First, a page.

The lecture by Dr Pamela Schultz this week gave some professional context and expression to something I have been thinking about for some time, particularly in the web 2.0 environment. There is no mediation on things like ‘backpacker journalism’ and social media, and I have long been contemplating the effect and power of this opinion-sharing – not just on the issue at hand (for example, Gillard’s prime ministership) but for the larger social issue(s) (gender equality, women as leaders/intellectuals, in government). The power of our own words is a newer concept for me, which I have thought about before, but perhaps not as explicitly as Dr Schultz explained. As a female intending to be in management teams and positions of leadership I should be aware of my use of language about myself. This reminded me of a Tedx Talk by Jennifer Siebel Newsom on gender equality.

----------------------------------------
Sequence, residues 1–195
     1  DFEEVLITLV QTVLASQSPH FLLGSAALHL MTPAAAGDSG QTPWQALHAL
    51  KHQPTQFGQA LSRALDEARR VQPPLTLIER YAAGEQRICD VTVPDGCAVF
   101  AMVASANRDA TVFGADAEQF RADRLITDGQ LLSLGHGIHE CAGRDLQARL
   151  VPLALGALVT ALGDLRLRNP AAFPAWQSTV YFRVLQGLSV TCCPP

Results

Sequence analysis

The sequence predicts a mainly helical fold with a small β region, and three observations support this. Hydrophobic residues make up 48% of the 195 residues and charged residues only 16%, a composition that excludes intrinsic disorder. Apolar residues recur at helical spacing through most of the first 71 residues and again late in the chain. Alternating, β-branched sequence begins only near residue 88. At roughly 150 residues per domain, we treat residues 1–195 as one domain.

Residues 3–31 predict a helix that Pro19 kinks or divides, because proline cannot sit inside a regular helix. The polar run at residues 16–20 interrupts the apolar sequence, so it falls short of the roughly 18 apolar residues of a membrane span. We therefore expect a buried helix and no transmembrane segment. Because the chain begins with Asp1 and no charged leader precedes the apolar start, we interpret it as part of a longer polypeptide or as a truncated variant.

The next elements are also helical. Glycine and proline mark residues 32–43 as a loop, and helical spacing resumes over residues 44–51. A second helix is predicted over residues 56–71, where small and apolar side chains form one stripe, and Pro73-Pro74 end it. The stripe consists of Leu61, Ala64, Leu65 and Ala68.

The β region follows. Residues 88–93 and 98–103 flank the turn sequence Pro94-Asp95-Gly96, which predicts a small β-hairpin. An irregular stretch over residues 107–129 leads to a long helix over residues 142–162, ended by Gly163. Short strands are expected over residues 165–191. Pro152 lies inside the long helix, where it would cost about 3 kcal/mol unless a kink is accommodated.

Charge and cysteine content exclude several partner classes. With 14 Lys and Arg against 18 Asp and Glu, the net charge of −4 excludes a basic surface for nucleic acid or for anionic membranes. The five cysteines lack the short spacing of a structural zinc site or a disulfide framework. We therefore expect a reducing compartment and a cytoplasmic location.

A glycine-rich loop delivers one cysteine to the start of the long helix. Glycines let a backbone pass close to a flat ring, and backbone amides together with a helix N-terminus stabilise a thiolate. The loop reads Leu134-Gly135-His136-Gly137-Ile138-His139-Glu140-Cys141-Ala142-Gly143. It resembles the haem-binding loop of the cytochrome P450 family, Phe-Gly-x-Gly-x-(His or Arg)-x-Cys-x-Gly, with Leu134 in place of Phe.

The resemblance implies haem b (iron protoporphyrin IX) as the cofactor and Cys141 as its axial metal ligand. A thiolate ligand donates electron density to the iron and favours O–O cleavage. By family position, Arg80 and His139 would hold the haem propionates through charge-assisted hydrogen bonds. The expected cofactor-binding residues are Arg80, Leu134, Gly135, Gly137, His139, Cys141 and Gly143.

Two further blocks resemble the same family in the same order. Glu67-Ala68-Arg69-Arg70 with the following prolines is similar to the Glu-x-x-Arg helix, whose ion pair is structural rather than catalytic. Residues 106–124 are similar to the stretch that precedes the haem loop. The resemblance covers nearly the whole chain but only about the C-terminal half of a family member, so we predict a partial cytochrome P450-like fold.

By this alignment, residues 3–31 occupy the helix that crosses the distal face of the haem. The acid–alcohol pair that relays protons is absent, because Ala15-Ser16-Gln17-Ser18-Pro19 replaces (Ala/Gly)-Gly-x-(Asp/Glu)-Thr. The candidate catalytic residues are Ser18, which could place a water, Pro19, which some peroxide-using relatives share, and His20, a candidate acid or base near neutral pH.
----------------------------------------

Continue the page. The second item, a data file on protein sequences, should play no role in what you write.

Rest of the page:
The concept of framing was also very relevant for me, and the news media this week have given me some practice in identifying how it is constructed, particularly the use of fear.
My contemplation on the topic of ‘public opinion’ since completing the readings has been dominated by politics and campaigns for the 2013 Federal Election in terms of determining the need and interests of constituents and developing a platform that is truly and democratically representative.
I found the discussion of how public opinion ‘crystallises’ around events, and how it is reactive rather than proactive, to be very interesting. An example that came to mind for me was the police brutality issue that arose from the viral video of the Melbourne Mardi Gras.
To be honest, I find the fluid and indefinable nature of public opinion quite challenging, and I’m getting the impression that industry experience is the only solution.